near the entrance to U.S. 35.
Leila Goldstein
Police officers put on gas masks near the entrance of U.S. 35 on May 30 before using tear gas and pepper balls on a crowd protesting racial injustice.

During a city commission meeting in late February, city budget director Dianne Shannon said the city had to make cuts across the board, not just to the HRC, because of the COVID-19 pandemic.

“Out of 21 departments, 18 departments experienced decreases, and three departments experienced increases,” Shannon said.

in 2020, the police department was one of only three three departments that saw an increase. Its budget went up by $1.5 million. It’s unclear whether any of that new money will be put toward implementing the groups’ recommendations.

Mateo says the process has been frustrating — and he plans to continue meeting with his group after they disband.

“I think there are a lot of good things from this process, and I also think that it is not going to have that level of impact that it could have been done more intentionally to transform things,” Mateo said. “But I don't think the people who are doing it want to transform things.”

The groups will disband April 1. The city is now putting together an implementation committee that will meet from April to November.

CORRECTION - Friday, April 2, 2021: The headline and text of this story have been revised to reflect the following clarifications and corrections:

Dayton's police reform working groups have submitted 142 recommendations, not 90. The city posted an additional 45 recommendations to its website after the initial airing of this story, and another seven in the days after.

During our interviews in preparation for this story, a contractor for the city working on police reform told us that body cameras for police officers were the only program that had been implemented by March 30, and that a dedicated police recruiting unit was still in development. A spokesperson for the Dayton mayor's office says the recruitment unit has been established, but the new body cameras have not yet been delivered by the supplier. The spokesperson says many other recommendations have been accepted and are in the process of implementation.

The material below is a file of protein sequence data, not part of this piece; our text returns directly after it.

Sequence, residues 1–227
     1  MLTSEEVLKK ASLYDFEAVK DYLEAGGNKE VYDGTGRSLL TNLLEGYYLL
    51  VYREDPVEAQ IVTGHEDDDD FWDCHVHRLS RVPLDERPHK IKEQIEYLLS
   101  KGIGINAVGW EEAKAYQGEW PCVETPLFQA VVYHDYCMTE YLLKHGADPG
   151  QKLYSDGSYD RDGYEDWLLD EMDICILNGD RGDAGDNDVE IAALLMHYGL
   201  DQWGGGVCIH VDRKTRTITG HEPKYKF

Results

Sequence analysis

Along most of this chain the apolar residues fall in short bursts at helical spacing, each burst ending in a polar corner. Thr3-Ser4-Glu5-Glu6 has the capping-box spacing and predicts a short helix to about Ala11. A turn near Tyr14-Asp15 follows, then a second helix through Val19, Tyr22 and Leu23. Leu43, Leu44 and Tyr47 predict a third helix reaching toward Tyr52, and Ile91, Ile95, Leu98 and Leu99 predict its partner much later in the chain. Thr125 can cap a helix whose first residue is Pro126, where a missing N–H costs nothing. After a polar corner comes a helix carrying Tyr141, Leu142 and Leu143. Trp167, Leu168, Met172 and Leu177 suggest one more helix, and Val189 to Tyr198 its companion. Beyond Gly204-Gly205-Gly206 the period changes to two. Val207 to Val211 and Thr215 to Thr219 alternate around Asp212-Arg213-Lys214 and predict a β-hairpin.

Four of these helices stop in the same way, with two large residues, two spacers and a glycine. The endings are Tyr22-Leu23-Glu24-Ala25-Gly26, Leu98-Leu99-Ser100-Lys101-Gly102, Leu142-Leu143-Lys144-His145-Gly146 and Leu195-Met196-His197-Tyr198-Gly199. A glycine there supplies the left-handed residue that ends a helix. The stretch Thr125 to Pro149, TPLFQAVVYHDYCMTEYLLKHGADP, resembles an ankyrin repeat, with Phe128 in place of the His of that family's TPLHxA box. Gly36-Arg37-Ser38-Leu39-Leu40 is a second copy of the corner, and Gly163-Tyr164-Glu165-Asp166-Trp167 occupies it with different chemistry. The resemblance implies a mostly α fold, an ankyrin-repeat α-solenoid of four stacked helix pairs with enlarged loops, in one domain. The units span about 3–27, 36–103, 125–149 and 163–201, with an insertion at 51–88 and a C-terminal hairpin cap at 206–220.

The Dayton Police Department was one of only three city departments to see a budget increase in 2020. In the budget presentation given back in February, the Police Department was expected to have a 1.5% decrease from its final revised 2020 budget. The current 2021 Dayton Police budget is $58,873,115, about 6% more than 2020.

Mawa Iqbal is a reporter for WYSO. Before coming to WYSO, she interned at Kansas City PBS's digital magazine, Flatland. There, her reporting focused on higher education and immigrant communities in the Kansas City area. She studied radio journalism at Mizzou, where she also worked for their local NPR-affiliate station as a reporter.